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The Chinese University of Hong Kong
Migration, Hyperlocality and the Politics of Dislocation

How does the local become mobile? This central question shifts conventional discussions about migration and the Other as either an opportunity or a challenge to be managed towards the practices that (re)constitute the local, social alliances, and potential solidarities. When migrants travel across national borders, their communicative practices travel too. By mapping the practices in time and space, one can understand in which “name” those practices speak and which values, emotions, or materialities they evoke, confirm, or actualize.The talk discusses first how the local has been theorized and demonstrates the dominance of sedentarist definitions of place, locality, and cultural group (Amin, 2012). Second, the concept of the hyperlocal is introduced as a heuristic frame to understand how physical and discursive place is co-constituted by situated communicative practices. Third, the talk illustrates by the example of Uyghur migrants from China to Europe and the U.S. that migrants (re)produce the local as ways of becoming, a future-oriented process driven by aspirations and desires. Processes constituting the hyperlocal can be emancipatory as they foster social alliances against social injustice, political authoritarianism, and marginalization and transcend affiliations based on the nation and ethnicity. This emancipatory potential outweighs the dangers of a return into the boundaries of a well-defined territory, cultural discourse, and ethno-nationalism, and a place that is understood as being more local than the local.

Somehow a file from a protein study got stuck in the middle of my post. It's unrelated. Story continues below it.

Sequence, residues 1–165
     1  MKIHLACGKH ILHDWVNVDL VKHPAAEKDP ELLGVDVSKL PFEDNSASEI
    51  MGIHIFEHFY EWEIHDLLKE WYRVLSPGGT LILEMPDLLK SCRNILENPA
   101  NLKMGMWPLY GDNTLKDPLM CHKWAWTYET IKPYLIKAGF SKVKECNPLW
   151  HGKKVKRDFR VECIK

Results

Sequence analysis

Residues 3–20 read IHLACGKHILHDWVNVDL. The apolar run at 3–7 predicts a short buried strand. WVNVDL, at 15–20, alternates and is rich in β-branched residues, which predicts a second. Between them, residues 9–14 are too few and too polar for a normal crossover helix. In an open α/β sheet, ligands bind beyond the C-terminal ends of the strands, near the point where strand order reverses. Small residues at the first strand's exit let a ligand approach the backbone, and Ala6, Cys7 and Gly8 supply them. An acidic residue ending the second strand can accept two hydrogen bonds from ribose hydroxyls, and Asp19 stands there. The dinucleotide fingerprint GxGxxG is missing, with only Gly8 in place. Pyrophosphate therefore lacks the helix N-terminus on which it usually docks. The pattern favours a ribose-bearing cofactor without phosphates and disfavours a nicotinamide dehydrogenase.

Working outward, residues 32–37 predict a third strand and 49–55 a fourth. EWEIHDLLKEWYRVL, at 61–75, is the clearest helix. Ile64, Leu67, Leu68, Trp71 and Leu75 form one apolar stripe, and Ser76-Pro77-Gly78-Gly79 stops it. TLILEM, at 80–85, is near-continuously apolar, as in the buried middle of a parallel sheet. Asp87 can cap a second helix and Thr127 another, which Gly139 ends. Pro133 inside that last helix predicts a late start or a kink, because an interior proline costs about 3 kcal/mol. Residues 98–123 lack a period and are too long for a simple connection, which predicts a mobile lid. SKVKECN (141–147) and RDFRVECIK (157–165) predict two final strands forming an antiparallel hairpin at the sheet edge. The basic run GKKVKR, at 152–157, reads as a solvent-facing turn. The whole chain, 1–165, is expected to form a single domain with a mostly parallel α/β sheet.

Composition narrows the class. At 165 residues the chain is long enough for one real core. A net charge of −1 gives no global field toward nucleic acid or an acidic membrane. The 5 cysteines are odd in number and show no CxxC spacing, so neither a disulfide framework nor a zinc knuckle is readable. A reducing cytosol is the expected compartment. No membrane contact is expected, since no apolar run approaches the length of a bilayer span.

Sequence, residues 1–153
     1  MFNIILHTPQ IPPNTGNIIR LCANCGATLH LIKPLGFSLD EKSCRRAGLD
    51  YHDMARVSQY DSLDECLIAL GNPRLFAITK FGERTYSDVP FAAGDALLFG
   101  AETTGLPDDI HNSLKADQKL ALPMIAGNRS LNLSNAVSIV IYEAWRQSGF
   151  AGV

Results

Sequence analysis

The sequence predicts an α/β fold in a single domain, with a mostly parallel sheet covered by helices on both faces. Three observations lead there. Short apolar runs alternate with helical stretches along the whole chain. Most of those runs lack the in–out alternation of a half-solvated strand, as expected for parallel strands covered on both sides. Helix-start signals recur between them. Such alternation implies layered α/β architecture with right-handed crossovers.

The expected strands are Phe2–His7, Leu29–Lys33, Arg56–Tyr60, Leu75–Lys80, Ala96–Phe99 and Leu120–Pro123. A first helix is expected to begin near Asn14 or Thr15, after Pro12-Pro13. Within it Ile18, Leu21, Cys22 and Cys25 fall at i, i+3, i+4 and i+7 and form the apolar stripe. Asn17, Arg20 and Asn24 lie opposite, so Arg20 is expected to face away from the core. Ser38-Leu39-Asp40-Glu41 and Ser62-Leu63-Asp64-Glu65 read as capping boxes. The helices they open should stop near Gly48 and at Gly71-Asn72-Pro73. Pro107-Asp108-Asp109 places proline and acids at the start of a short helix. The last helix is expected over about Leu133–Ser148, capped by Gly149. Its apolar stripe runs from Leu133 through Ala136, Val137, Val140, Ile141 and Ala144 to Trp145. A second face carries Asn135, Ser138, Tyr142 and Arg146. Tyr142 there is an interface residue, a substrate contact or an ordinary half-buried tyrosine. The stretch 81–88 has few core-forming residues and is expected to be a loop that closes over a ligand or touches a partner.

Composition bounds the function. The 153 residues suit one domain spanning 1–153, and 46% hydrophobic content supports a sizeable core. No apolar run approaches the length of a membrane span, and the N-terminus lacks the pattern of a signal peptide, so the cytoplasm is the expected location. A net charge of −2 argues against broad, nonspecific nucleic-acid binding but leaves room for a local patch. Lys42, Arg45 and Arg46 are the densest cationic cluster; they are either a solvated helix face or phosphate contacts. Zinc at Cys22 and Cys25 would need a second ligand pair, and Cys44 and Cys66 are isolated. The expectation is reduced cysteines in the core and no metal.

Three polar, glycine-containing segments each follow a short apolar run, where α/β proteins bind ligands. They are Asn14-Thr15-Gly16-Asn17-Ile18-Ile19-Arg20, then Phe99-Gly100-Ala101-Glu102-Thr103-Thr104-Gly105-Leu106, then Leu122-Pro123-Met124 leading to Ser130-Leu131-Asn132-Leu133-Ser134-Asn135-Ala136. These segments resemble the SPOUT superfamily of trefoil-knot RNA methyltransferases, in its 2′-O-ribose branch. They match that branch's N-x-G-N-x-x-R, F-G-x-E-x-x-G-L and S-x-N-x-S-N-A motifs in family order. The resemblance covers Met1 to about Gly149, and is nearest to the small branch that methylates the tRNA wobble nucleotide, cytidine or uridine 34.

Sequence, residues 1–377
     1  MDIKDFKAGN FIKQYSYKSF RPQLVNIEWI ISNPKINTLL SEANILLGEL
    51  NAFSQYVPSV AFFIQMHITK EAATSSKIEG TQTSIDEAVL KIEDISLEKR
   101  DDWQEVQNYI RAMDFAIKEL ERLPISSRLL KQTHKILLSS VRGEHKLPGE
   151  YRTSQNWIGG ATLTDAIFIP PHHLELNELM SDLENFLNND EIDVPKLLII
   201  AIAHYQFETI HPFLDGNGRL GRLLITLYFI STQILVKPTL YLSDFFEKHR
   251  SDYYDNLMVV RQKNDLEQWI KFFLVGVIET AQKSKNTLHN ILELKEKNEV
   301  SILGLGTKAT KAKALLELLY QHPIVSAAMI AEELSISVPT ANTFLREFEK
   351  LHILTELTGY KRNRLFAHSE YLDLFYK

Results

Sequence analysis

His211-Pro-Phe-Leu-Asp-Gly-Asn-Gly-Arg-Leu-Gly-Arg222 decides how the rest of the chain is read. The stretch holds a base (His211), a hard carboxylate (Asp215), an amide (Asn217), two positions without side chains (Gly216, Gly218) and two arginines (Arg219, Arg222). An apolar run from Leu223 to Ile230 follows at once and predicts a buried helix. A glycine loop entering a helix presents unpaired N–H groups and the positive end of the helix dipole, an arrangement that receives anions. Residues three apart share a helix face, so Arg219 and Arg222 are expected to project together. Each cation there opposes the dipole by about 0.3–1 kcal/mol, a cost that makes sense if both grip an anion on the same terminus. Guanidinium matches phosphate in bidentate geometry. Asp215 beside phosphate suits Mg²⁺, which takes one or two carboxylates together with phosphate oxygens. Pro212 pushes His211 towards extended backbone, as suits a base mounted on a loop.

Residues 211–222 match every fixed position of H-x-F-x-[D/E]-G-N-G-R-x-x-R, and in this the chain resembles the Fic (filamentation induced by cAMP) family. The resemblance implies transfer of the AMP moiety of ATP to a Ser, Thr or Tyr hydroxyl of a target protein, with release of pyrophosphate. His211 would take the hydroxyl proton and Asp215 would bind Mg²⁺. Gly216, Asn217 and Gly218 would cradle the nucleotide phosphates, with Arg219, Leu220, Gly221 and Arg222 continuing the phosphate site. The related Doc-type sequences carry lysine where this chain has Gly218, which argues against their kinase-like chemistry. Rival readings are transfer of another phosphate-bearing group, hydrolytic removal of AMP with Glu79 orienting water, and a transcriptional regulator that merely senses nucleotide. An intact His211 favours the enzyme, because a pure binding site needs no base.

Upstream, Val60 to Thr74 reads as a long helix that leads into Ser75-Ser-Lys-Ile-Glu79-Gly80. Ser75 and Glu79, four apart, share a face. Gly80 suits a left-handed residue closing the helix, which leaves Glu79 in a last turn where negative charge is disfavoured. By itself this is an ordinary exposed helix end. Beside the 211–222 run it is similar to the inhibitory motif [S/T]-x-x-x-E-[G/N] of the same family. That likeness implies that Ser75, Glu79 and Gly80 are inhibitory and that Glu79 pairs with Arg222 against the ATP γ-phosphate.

Saskia Witteborn is Associate Professor in the School of Journalism and Communication at the Chinese University of Hong Kong where she directs the M.A. program in Global Communication. She is also Associate Director of the Research Centre on Migration and Mobility at CUHK. Saskia specializes in transnational migration and communicative practice. She has written on collective identity and situated advocacy and the intersections between new technologies and transnational political advocacy. Digital technologies and forced migration is another important focus of her research. She has worked with and on forced migrants over the past 15 years in the U.S., Germany, and Hong Kong and has been interested in how digital practice enables people arrested in space to mobilize socially and politically. Her work has appeared in leading journals such as the Journal of Communication, Cultural Studies, and Research on Language and Social Interaction, or the Journal of Refugee Studies. She has also contributed to edited volumes, such as Hegde’s Circuits of Visibility (NYU Press, 2011) and Volkmer’s Handbook of Global Media Research (Wiley-Blackwell, 2012). As Research Associate with the University of Washington Center for Local Strategy Research and the Center for Chinese Media and Comparative Communication Research at CUHK, Saskia is very interested in comparative projects.